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[In a Wicked Age] A look at the "We owe" list after three chapters

Started by Christoph Boeckle, April 08, 2007, 12:58:59 PM

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Christoph Boeckle

We played a follow-up session to our two chapters with Zangdar's yellow gem.
My brother didn't play again, but my friend Julien joined in with Romain and Jérôme, while I continued to GM.

Zangdar the magician was on top of the we owe list, and Jérôme decided to take him back in. He replenished his character's dice as his come-back reward.

He chose the first of the following sentences:

  • A new village, built on the the ruins of a forgotten people.
  • The celebration of a day sacred to the city's chief cult.
  • A knowledge-mad sorceress, delving into ancient secrets.
  • An unsavory treasure-seeker, with an honest map.

These were generated from the Clinton Oracle, as I did not have an online connection to grab the new generator.

Romain played Hulk again (the unsavory treasure-seeker) and Julien chose to play the citie's chief cultist, Ted Grollimon. We decided that the city and the village from the first two sentences where the same thing. Hulk had the yellow gem (unique mastery) and restored his character's dice. Julien created a mastery to reflect his character's position in the cult and his ability to sway the zealots for offensive action.

The interests where:
Zangdar wanted to check out on the ancient people.
Ted wanted to kill any magician/sorcerer who would enter his village (and go on with the celebration).
Hulk was looking for said treasure (which we established was held by Shazra the sorceress).
Shazra, an NPC, wanted to participate in the celebration...

We had plenty of fun and whacky conflicts, while Shazra attempted to get married to Ted's god via the sacrifice of a goat, Zangdar was being annoyed by all the fuss in the village while he was excavating the foundations and Hulk kept changing camp between Ted and Shazra.
We interestingly established that Ted's god did exist after all (which appeared as quite a shock to the character), that the forgotten people would have been perfectly happy to go back to live with the new villagers, but Zangdard preferred to send the new villagers away, and make a new base for himself with the forgotten people as his servants and Hulk as his bodyguard.

See, that's the thing. Zangdar handed everybody's asses back to them, yet again.

Ted went thrice to the we owe list and Julien had to strike him off to survive some conflicts, while Zandgar ended up being twice on the list without having to cross off his name once.

Here is Zangdar's sheet for analysis:

Art: d6 d12, Grace: d6 d8, Guts: d4 d10
Asserting myself: Grace, Enduring Duress: Guts, Exerting myself: Art, Defending myself: Art, Influencing others: Guts
Cast fire-magic: Art (...)

He had a potent mastery in the Fire magic discipline, at 1d8.

Basically, he often found himself in non-magic conflicts, where his d12 d6 in Art could roll quite high, but yet he is lower than d12 d8 and d12 d10 (and can thus hope for some "we owe" appearances).
When things mattered, he could use his magic for a devastating d12 d8 d6 (plus his "we owe" bonuses if need be).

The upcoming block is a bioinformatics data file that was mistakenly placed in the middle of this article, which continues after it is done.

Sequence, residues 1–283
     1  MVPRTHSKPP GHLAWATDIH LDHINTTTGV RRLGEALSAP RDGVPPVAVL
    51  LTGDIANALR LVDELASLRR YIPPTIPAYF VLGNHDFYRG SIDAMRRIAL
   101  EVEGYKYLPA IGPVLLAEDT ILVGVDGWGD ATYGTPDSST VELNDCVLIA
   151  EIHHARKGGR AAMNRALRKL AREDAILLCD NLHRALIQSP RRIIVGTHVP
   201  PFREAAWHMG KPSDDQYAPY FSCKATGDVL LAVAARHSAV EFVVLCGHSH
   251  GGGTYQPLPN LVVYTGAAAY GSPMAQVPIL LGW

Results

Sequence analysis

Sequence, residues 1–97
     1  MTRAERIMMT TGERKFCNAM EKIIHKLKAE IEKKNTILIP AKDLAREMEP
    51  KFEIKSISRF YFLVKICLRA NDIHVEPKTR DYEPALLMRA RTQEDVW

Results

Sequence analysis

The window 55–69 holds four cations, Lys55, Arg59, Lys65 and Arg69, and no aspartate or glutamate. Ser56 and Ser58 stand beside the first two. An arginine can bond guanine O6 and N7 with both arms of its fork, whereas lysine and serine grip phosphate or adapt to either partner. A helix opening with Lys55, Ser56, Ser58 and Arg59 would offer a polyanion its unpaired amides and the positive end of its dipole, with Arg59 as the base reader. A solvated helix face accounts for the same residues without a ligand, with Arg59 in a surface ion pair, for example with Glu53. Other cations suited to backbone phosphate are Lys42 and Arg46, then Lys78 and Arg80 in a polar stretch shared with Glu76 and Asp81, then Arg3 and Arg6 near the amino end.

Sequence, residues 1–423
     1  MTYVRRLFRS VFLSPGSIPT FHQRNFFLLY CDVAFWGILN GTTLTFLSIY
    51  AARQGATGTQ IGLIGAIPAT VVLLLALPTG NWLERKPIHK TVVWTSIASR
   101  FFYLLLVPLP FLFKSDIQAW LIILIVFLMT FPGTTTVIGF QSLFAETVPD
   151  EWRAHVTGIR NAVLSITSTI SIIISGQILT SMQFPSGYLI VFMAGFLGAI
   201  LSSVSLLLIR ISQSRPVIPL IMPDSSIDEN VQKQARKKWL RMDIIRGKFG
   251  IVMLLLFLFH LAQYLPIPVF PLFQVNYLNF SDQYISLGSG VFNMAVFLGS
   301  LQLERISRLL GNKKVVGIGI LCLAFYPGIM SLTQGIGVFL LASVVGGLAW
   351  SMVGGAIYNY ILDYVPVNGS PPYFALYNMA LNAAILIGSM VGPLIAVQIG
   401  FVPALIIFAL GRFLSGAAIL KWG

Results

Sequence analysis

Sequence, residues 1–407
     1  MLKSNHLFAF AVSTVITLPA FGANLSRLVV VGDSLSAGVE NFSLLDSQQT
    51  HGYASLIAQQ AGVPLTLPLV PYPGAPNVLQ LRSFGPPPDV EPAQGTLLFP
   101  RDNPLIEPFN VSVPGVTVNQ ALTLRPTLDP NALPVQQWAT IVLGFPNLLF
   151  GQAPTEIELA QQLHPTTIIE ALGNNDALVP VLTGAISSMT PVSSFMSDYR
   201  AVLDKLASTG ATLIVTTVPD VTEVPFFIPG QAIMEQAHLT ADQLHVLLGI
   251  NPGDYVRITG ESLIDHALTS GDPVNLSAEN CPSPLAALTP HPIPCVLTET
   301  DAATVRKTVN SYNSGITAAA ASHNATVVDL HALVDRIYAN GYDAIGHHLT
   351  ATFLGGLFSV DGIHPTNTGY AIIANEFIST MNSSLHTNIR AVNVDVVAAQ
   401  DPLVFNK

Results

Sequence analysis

Now I'm not sure if this has anything to do with it. And I'm not quite sure we handled magic properly. Let's just take this as a point of data.

History of the list

Fonkin, one of my brother's character, did three touch and gos on the list. My brother rolled really crap quite a lot, so he needed those bonuses. The character had Art: d12 d6, Grace: d10 d4 & Guts d8 d6. Art was used everywhere except for exerting myself (guts) and defending myself (grace).
Zangdar made it on the list in the first chapter, to appear again in the second.

In the second chapter, only Zangdar made it.

In the third chapter, Ted did three touch and gos. Art: d12 d10, Grace: d6 d6 & Guts: d8 d4. He would Endure Duress and Defend himself with guts. He used Art for asserting himself, influencing others and a few specialties that didn't come up in play.
Zangdar landed twice on the list, never used the bonus dice.

I understand that the resolution rules are undergoing major overhauls, so basically what I'm saying is that it apparently ties very strongly with the "We owe" list, in a way that is not quite obvious to me yet.

Negotiating outcomes

When damage outcomes where not defaulted to, players would usually negotiate some advantage towards their goals. Zangdar for example would steal/take/receive curious items: Hulk and the city in this chapter, the falconer's birds in the last chapter, etc.
Loyalty was assessed a few times as well in this chapter and resulted in Hulk changing sides a few times (Ted - Shazra - Ted - Zangdar).
It's quite amusing to note to what extent some people will "prostitute" their character to save their hides...

Other than that, I found out that I hadn't understood the resolution rules quite the way they were written. This time, if the answerer rolled higher than the challenger, we kept the roll and the challenger immediately became the new answerer. This sped up resolution quite a few times of course.

We also didn't know how to apply the rules for the we owe list in case of two characters in conflict against one.
In one instance, Hulk and Ted had more total sides to their dice than Zangdar, but didn't actually have as high a die as Jérôme's character. Did Zangdar get to go on the we owe list? Even if he had good chances of "doubling" both the other characters in one roll?
We ruled that nobody would go on the list.

There, that's it for now. Hope this is useful, and feel free to ask questions!